14. Change the <trust level=”WSS_Minimal” originUrl=”” /> line to <trust level=”WSS_Medium” originUrl=”” />

15. Open your site in SharePoint Designer and drag and drop your SamplePage.aspx page into a folder in your site.

16. Browse to your page E.g.

17. Jackpot! (Hopefully) You should now have your aspx page running in SharePoint.

How do I use a variable in an ORDER BY clause?

    blatID INT,
    hits INT,
    firstname VARCHAR(3),
    email VARCHAR(9)
INSERT blat VALUES(1, 12, ‘bob’, ‘’)
INSERT blat VALUES(2, 8,  ‘sue’, ‘’)
INSERT blat VALUES(3, 17, ‘pat’, ‘’)
INSERT blat VALUES(4, 4,  ‘pam’, ‘’)
INSERT blat VALUES(5, 1,  ‘jen’, ‘’)
INSERT blat VALUES(6, 3,  ‘rod’, ‘’)
INSERT blat VALUES(7, 5,  ‘nat’, ‘’)
INSERT blat VALUES(8, 19, ‘rob’, ‘’)
INSERT blat VALUES(9, 24, ‘jan’, ‘’)
INSERT blat VALUES(10, 0, ‘meg’, ‘’)
The first thing people tend to try in T-SQL is the following:
SET @col = ‘firstname’
However, this returns:
Server: Msg 1008, Level 15, State 1, Line 4
The SELECT item identified by the ORDER BY number 1 contains a variable as part of the expression identifying a column position. Variables are only allowed when ordering by an expression referencing a column name.
Clearly, SQL Server doesn’t like variables in the ORDER BY clause. Well, we can just use dynamic SQL, right?
SET @col = ‘firstname’
How to avoid cursors

How to avoid cursors in SQL Server
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An example of a SQL Cursor that we want to avoid:

DECLARE @CustomerID int
DECLARE @FirstName varchar(30), @LastName varchar(30)
— declare cursor called ActiveCustomers
DECLARE ActiveCustomers Cursor FOR
SELECT CustomerID, FirstName, LastName
FROM Customer
WHERE Active = 1
— Open the cursor
OPEN ActiveCustomers
— Fetch the first row of the cursor and assign its values into variables
FETCH NEXT FROM ActiveCustomers INTO @CustomerID, @FirstName, @LastName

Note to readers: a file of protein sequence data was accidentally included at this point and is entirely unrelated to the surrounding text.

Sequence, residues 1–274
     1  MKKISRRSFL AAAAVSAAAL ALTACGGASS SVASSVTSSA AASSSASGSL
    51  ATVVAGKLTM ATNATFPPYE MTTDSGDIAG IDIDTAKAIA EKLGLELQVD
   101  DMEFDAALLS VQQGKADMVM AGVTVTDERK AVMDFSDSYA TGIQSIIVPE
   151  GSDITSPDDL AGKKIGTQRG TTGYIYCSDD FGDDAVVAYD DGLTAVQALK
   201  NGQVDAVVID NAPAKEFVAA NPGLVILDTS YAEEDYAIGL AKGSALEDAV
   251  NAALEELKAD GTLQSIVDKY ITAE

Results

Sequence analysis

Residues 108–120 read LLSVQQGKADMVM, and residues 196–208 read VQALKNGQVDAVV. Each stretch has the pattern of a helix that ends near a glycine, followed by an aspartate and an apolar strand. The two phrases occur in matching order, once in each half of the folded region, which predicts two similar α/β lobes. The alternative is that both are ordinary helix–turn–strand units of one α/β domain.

— perform action whilst a row was found
Exec MyStoredProc @CustomerID, @Forename, @Surname
— get next row of cursor
FETCH NEXT FROM ActiveCustomers INTO @CustomerID, @FirstName, @LastName
— Close the cursor to release locks
CLOSE ActiveCustomers
— Free memory used by cursor
DEALLOCATE ActiveCustomers

Cursor alternative 1: Using the SQL WHILE loop:

SQL provides us with the WHILE looping structure. This can be utilised with a temporary table that enables us to avoid using a cursor:

— Create a temporary table, note the IDENTITY
— column that will be used to loop through
— the rows of this table
CREATE TABLE #ActiveCustomer (
RowID int IDENTITY(1, 1),
CustomerID int,
FirstName varchar(30),
LastName varchar(30)
DECLARE @NumberRecords int, @RowCount int
DECLARE @CustomerID int, @FirstName varchar(30), @LastName varchar(30)

— Insert the resultset we want to loop through
— into the temporary table
INSERT INTO #ActiveCustomer (CustomerID, FirstName, LastName)
SELECT CustomerID, FirstName, LastName
FROM Customer
WHERE Active = 1

— Get the number of records in the temporary table
SET @NumberRecords = @@ROWCOUNT
SET @RowCount = 1

— loop through all records in the temporary table
— using the WHILE loop construct
WHILE @RowCount <= @NumberRecords
SELECT @CustomerID = CustomerID, @FirstName = FirstName, @LastName = LastName
FROM #ActiveCustomer
WHERE RowID = @RowCount

EXEC MyStoredProc @CustomerID, @FirstName, @LastName

SET @RowCount = @RowCount + 1

— drop the temporary table
DROP TABLE #ActiveCustomer

We can see the above code gives the same functionality as the first code example but without using a cursor. This gives us the benefits that the Customer table is not locked as we are looping through our resultset so other queries on the Customer table that are submitted by other users will execute much faster. We will also have a faster operating SQL script by avoiding cursors which are slow in themselves.

Cursor Alternative 2: Using User Defined Functions: